Canadian Pacific agrees to buy Kansas City Southern for $29bn
Railway group Canadian Pacific has agreed to buy Kansas City Southern for $28.9bn including debt in the largest takeover deal this year.
The transaction, first reported by the FT, is the biggest in CP’s history and will see it take over the smallest of the seven Class 1 railway operators that dominate a significant share of freight activity in the US.
It marks the latest effort to shake up a structure among the big railroads in the US and Canada that has been unchanged since CSX and Norfolk Southern — the two big operators in the eastern US — took over Conrail and divided it between themselves in 1999.
Keith Creel, CP chief executive, said: “This will create the first US-Mexico-Canada railroad . . . [and combine the] two best performing Class 1 railroads for the past three years on a revenue growth basis.”
The Calgary-based company will pay $275 per share, comprised of $90 in cash and the remainder with its stock. To pay for the deal, CP will issue 44.5m new shares and raise $8.6bn in debt.
CP’s proposal represents a 23 per cent premium on Kansas City Southern’s closing stock price of $224 at the end of last week. The deal values its equity at $24.9bn before the inclusion of debt.
The two companies notified the Surface Transportation Board, the US freight rail regulator that will need to approve the combination, about the deal on Saturday, people with direct knowledge of the matter said.
Investors have been concerned that any further consolidation would run into problems with the STB. As it stands, there are two competing big operators in Canada (CP and Canadian National), CSX and Norfolk Southern in the eastern US and Union Pacific and BNSF in the west. Kansas City Southern, the smallest Class 1, is the only operator focused on north-south operations.
Kansas City Southern’s performance has been closely tied to trade between the US, Canada and Mexico, with its main routes linking the two countries neighbouring the US. It also has extensive operations in Mexico and owns a 50 per cent stake in the Panama Canal Railway Company.
The railway sector was hit hard in the early phase of the pandemic because of restrictions imposed by the US government to contain the spread of coronavirus.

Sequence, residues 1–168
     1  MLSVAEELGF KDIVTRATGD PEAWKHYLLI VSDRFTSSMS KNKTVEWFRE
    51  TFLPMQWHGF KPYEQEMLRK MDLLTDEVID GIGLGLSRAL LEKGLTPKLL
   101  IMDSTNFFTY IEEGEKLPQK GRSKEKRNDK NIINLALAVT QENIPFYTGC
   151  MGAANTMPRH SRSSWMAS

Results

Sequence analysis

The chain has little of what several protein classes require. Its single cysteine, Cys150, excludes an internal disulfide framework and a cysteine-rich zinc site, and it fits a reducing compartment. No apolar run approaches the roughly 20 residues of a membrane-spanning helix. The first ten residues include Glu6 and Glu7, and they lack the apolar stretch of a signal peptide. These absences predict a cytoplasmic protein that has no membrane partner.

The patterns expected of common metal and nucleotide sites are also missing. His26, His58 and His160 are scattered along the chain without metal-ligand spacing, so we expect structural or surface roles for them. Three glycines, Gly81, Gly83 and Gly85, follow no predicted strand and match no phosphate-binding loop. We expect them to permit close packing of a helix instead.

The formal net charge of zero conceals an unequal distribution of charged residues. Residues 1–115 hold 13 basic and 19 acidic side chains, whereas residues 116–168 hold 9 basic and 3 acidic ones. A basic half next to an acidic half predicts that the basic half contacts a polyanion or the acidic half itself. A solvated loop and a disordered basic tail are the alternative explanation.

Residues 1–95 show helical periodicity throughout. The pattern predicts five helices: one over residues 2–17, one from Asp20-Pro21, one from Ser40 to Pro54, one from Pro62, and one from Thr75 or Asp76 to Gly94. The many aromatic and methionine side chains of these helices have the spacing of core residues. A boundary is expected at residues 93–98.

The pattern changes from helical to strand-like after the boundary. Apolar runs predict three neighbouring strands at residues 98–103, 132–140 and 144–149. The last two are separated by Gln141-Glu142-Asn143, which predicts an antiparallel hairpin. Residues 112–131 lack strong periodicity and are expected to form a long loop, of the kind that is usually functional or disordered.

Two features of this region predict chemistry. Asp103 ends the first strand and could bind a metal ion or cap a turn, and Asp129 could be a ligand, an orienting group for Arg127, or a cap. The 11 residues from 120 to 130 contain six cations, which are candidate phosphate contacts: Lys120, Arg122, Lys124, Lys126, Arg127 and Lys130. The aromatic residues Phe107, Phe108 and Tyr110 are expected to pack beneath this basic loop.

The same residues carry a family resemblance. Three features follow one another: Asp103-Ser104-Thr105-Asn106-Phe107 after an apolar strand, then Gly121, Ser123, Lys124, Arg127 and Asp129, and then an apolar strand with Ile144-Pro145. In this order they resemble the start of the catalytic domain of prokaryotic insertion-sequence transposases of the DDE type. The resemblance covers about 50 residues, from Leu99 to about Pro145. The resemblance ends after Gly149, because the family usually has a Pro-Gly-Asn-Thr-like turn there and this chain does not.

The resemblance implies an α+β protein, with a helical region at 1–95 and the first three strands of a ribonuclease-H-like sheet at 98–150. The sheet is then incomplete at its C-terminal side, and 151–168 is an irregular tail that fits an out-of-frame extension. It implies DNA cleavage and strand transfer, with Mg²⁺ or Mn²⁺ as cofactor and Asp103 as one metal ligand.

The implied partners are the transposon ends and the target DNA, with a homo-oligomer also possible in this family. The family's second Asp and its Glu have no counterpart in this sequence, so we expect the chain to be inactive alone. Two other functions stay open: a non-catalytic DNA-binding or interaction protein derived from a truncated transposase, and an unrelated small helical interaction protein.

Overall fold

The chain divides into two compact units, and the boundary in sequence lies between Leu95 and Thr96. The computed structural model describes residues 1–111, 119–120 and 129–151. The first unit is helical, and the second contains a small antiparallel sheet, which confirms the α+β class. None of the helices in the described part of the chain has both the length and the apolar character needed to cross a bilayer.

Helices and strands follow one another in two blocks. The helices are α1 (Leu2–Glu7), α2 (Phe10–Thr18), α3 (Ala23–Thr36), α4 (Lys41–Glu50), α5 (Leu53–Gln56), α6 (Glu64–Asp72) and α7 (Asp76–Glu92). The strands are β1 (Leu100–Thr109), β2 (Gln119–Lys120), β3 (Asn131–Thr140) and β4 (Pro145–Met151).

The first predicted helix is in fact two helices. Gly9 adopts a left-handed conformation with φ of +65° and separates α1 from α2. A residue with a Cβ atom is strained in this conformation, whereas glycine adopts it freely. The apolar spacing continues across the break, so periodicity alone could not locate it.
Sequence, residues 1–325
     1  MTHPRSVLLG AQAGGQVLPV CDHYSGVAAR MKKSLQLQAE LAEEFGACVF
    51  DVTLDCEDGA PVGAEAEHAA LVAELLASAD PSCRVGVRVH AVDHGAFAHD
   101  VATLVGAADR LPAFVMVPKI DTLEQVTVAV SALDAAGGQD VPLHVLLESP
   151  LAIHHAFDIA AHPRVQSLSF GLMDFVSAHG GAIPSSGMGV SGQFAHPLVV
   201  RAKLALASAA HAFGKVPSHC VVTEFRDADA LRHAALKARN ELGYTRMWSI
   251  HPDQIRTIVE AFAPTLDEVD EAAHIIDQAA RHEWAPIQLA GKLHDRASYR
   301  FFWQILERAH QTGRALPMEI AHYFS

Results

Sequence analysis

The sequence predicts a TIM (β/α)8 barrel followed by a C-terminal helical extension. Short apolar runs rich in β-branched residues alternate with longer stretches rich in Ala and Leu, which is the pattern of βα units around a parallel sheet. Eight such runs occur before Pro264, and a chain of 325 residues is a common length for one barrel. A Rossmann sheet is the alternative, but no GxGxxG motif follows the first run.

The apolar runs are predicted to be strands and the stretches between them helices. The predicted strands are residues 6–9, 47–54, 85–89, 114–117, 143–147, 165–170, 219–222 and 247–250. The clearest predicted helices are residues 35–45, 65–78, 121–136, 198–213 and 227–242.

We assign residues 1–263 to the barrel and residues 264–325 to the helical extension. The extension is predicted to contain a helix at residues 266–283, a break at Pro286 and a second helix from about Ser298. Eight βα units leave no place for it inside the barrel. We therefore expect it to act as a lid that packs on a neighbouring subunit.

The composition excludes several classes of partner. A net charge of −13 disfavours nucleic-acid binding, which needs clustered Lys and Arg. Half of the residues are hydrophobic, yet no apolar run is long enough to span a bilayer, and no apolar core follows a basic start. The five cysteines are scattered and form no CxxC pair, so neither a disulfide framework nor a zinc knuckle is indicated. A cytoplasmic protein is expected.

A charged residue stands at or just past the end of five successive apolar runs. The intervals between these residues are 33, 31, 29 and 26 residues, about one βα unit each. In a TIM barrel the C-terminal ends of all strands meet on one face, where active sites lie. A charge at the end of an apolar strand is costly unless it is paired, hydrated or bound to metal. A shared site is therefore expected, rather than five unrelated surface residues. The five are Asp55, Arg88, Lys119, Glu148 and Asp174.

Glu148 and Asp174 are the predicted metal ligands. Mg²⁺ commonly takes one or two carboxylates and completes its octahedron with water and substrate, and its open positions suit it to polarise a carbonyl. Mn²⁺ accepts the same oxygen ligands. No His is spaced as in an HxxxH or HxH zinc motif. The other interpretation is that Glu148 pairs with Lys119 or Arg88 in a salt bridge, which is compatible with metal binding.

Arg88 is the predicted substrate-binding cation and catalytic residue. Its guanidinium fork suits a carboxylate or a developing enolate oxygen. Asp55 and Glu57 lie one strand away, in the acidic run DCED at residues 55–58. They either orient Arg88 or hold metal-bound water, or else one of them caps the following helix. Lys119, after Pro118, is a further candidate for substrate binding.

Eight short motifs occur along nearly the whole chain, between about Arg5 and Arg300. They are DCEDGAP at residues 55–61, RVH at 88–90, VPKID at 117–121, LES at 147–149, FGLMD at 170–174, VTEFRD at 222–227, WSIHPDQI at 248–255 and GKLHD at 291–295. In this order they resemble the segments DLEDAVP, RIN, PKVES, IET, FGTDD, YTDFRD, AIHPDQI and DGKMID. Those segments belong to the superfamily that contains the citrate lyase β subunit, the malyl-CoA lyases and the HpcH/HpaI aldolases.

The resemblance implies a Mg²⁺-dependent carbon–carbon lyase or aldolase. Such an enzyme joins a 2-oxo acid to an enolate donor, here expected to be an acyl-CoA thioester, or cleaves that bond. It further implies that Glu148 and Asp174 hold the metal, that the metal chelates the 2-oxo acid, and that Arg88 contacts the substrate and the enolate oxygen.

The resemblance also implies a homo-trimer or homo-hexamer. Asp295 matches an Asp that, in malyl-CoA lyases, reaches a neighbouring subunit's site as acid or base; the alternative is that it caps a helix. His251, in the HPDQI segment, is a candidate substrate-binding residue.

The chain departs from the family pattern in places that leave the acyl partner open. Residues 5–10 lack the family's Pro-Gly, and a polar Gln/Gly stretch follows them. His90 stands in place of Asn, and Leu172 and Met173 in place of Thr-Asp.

Prospects have improved over recent months, as the US accelerated its rollout of vaccines and business activity picked up. President Joe Biden’s efforts to strengthen US-Mexico trade relations are expected to further boost railway activity.
Shares of Kansas City Southern have more than doubled in the past year. The company rejected a takeover bid last September from a Blackstone and Global Infrastructure Partners-led consortium that valued its shares at $21bn.
Kansas City Southern reported an 8 per cent drop in revenues in 2020 to $2.6bn and a 23 per cent increase in net income to $617m. It employs about 6,200 staff, according to Capital IQ, compared with nearly 12,000 at the Canadian group.
Shares in CP have climbed 80 per cent over the past year and have a market value of C$63bn ($50bn). The company’s largest shareholder is Chris Hohn’s TCI hedge fund, which had an 8.4 per cent stake, according to filings from the end of last year.
Canadian Pacific previously approached first CSX and then Norfolk Southern about potential mergers in 2014 and 2016 under Hunter Harrison, the charismatic chief executive who had been installed after a campaign by Bill Ackman, the activist investor.
Both bids were rebuffed and there have been no further attempts at mergers since Harrison unexpectedly resigned from CP in January 2017. Harrison joined CSX two months later, shortly before his death in December that year.
This article has been amended to reflect the fact that the Surface Transportation Board has not approved the deal